For me the poem represents the fruit of many long years of wrestling with what happened to his father – a man taken away suddenly, taken away still in the vigor of his days, taken away, I am sure, in a way that gave pain to his survivors.

This conscious, deliberate choice to search the past for the good it may contain liberates the son to celebrate and praise the man he has lost; even while confessing that he still misses him every day, in simple, concrete ways – his touch, his scent, his voice recounting the stories he loved to tell. The poet has freed himself from the question “why?” and from the painful phrases mourners use so often to torment themselves: If only I’d insisted that she go to the doctor; if only I’d made him stop smoking sooner; if only I’d insisted on a second opinion, or a third; if only I’d taken better care of her; if I’d been more vigilant, more forceful, more assertive, quicker to respond.

And the poet has freed himself, as well, from wondering what might have been if only he’d been more present and attentive, more patient, slower to anger, more loving and compassionate towards the father who is gone. He has freed himself, finally, from gnawing memories of his father’s undoubted imperfections – all the things that may have frustrated or annoyed or hurt him when he shared his father’s life.

The poet has resolved instead simply to praise and be grateful. And this opens him to the world and its beauty; to the sight of purple lilacs sprouting up all over Iowa, evoking memories of his father’s vibrant presence.

In time we could all bring ourselves, I imagine, to this open spirit of praise if we are mourning a person who died at what we like to call “the right time” – as the Torah says of Abraham, “old and full of years.” It is another matter altogether to think about  a death that feels bitterly premature, that robs a young person of many good years and infinite possibilities, that robs us of what we deeply believe we deserved to have. Surely there is nothing to praise in such a death, and there are endless reasons to know pain and grief and rage.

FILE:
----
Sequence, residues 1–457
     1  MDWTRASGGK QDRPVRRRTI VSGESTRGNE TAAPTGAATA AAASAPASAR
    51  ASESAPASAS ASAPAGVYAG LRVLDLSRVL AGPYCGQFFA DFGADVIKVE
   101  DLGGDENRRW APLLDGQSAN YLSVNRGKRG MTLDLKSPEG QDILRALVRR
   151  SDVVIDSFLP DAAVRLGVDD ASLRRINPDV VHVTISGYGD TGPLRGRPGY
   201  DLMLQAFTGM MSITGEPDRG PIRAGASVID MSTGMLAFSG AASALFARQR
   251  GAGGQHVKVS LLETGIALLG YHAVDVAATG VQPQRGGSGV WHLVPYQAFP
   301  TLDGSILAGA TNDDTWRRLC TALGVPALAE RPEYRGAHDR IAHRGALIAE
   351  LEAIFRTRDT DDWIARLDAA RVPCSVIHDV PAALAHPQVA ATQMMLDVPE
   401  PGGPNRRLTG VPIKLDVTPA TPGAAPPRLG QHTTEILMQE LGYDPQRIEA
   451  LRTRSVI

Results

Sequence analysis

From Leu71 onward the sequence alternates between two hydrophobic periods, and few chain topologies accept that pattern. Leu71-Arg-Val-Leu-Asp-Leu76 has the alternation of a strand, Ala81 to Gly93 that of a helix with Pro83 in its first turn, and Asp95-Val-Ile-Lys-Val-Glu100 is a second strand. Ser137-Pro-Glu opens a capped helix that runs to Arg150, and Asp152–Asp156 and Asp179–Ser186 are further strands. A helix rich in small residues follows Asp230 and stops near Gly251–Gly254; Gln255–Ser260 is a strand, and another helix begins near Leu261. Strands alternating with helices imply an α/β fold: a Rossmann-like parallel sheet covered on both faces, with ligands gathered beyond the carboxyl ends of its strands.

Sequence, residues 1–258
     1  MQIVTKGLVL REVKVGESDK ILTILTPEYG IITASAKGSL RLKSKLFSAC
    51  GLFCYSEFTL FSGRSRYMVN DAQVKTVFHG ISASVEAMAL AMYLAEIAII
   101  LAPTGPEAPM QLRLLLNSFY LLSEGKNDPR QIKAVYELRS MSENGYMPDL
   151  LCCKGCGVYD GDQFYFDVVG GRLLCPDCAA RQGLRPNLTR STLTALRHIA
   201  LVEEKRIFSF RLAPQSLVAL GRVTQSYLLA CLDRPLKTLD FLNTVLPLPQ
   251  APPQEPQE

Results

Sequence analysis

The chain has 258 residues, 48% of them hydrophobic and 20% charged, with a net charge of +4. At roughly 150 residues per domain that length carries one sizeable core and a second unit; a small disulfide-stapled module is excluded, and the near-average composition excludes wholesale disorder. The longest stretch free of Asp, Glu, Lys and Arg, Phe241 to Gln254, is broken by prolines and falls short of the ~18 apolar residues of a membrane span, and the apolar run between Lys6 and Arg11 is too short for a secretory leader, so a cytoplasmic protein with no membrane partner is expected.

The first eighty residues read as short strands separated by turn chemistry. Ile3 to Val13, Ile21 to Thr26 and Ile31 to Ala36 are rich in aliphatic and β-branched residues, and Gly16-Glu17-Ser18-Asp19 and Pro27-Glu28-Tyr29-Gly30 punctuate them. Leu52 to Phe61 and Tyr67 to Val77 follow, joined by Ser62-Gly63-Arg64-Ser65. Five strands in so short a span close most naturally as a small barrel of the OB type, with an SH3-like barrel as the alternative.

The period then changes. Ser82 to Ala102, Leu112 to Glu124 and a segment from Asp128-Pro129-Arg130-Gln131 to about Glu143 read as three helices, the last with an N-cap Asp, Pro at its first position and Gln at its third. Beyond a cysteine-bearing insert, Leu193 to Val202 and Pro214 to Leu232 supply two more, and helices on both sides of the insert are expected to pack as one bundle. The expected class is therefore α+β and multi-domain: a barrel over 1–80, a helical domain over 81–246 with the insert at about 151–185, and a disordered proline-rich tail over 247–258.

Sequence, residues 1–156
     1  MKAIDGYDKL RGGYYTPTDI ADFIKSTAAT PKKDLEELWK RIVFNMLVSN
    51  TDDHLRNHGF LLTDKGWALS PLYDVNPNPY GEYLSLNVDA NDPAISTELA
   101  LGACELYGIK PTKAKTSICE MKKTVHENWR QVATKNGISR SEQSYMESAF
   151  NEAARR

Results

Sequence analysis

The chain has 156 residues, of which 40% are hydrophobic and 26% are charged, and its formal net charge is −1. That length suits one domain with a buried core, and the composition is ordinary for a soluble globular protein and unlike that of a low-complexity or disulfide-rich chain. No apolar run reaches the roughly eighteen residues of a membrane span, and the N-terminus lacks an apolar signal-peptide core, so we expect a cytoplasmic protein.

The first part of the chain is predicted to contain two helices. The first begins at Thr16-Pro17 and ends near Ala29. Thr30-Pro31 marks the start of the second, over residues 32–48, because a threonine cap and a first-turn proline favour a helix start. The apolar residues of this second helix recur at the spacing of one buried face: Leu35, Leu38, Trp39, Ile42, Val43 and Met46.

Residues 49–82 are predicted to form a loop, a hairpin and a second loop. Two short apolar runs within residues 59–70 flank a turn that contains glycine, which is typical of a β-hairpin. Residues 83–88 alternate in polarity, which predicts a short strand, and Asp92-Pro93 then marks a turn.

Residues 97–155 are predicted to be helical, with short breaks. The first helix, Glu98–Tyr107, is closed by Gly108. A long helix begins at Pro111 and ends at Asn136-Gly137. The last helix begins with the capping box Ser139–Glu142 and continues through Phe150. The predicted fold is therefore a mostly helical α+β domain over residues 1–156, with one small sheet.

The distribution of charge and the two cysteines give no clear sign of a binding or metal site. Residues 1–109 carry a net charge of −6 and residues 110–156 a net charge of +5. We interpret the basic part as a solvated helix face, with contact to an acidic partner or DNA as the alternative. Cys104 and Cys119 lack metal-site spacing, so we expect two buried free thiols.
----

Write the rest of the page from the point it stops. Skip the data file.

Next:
No one would blame us if we stayed in that dark place forever. And for those who have sustained such a loss there is wrestling to be done and the sharp ache of realizing over and over and over again that the one you loved so much is gone.

No one but the mourner can decide, when the time is right, to surmount death and resolve to live on with praise and nothing but praise. It may be reason that moves you, or a sense of your own self-preservation, or a need, born of love, to honor the teachings of the one who has died.

No one but you will grasp the heroism it takes to make such a decision. No one but you will know how hard it is, every single day, to uproot anger at all the things that went wrong, or anguish at what could and should have been. No one but you, perhaps, will sense how lonely it feels to go on without the one whose love was the center of your life. And no one will grasp how difficult it is to give up the idea that we deserve anything at all.

The decision to praise comes at the end of long acquaintance with grief. It cannot be hurried or forced. It comes, if it comes at all, upon realizing that life – all of it, every single day – is a gift; not deserved; not born of entitlement or necessity. Life is given, improbably, for however long it is given. Given to some longer than to others, for reasons we can never discern. Given to the ones we loved; filled with whatever goodness and beauty embodied their days. And given now to us; this life, given out of mystery – and someday given back into that same mystery from which we came forth.

And so Yizkor summons us all – children mourning beloved parents, parents mourning beloved children; husbands and wives who are missing their best friend and lover; those who have lost kind brothers and sisters and aunts and uncles and friends. Yizkor summons us all to liturgies of thanks and praise. It teaches us to grasp this one essential truth: that our life depends on making the decision to praise. It reminds us that we go forward by simply showing up; showing up for life, getting out of bed, going out, getting around on our own two feet, resolving in our heart that we will make that slow and painful climb up the mountain, to a place where we can stand with others in celebration.

It starts, as all good things start, with the springtime; with soft warm breezes, bird song and bright flowers that speak of renewal and rebirth. The journey back to life begins when we embrace this world, the only one we have, and cherish its beauty, and affirm that we do not want to miss even one minute of this precious, irreplaceable day.

"A delicate fabric of bird song
Floats in the air,
The smell of wet wild earth
Is everywhere.
Oh I must pass nothing by
Without loving it much,
The raindrop try with my lips,
The grass with my touch;
For how can I be sure
I shall see again
The world on the first of May
Shining after the rain?"